04-16-2010 07:29 AM
I have witnessed a lot of unhappiness concerning password complexity requirements. I am starting this thread, hopefully, to lay most of it to rest.
Password complexity requirements are not in place so that you have to make a password you will never remember. Instead they are in place to ensure your safety and security. The reason behind the complexity requirements is that some 74.5% of all current passwords in the world are completely insecure. By insecure, I mean passwords that are part of any of the following criteria:
A) This is really the most common insecurity among passwords, a single word that can be found in the dictionary. The word may seem to be singular and unique to yourself, but it is not. The great majority of 'cracking' (password brute-forcing/guessing) programs start their process by trying words found in the common dictionary.
A sequence of numbers under 6 characters in length. After the said 'cracker' finishes with the dictionary, it then begins running numbers in sequence from 0 to 999999.
C) This one is probably the most over-looked password insecurity. It would be what I call the 'star identifier'. Alot of people assume that using famous people like for example, let's say John Elway, as a password meets the complexity requirements. Now, while using a password like 'broncos7' may seem secure, it is not. The people that write 'crackers' have caught on to this scheme, so after failing at the dictionary and integer based attacks, it will start trying 'star identifiers'. Using a 'star identifier' is never a good idea for a password.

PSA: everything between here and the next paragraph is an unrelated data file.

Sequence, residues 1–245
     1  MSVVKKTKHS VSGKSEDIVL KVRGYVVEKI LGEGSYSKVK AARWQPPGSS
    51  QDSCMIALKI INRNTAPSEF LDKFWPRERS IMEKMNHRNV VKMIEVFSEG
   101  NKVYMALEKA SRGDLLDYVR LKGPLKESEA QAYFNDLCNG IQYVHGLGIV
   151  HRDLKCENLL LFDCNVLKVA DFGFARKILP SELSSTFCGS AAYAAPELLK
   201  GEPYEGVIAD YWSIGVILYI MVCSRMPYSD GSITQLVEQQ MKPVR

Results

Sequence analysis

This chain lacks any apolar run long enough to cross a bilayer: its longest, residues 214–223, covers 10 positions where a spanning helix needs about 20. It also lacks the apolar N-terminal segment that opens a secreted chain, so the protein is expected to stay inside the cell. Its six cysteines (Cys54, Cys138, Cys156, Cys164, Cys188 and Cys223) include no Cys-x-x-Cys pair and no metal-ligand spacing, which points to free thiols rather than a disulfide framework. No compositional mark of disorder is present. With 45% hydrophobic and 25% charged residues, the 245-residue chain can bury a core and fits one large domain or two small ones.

D) This one is known simply as the 'god complex'. This one got its title by people literally using powerful symbols, such as 'god', as their passwords. Examples of such passwords are as follows: 'god','king','lord','master','jesus','man','#1','b
Now you may say "Well they should have people watching out for that." and you are completely correct, they do. However, these technicians are already busy trying to stop other 'crackers' from gaining access to the accounts of 200 other people that thought the exact same thing that you just did. Under that large of a workload the 'cracker' that is working your password may succeed. My point comes to be as such: why take the risk? Help yourself and help the technicians by opting for a more secure and unique password.
Thus the best passwords are built using these simple guidelines:
A) The password should never be part of something that can be identified with you (i.e. Your favorite sport.)
The password should never contain the names of loved ones.
C) The password should NEVER contain part of your name, address, phone number, etc...
D) The password should ALWAYS contain a symbol (i.e. !@#$%^&*()-+ [do please note however that '!' and '#' are the most common symbols used.]) whenever possible.
E) The password should ALWAYS be alphanumeric (containing a combonation of numbers and letters).
F) When possible, the password should be an average length of atleast 10 characters.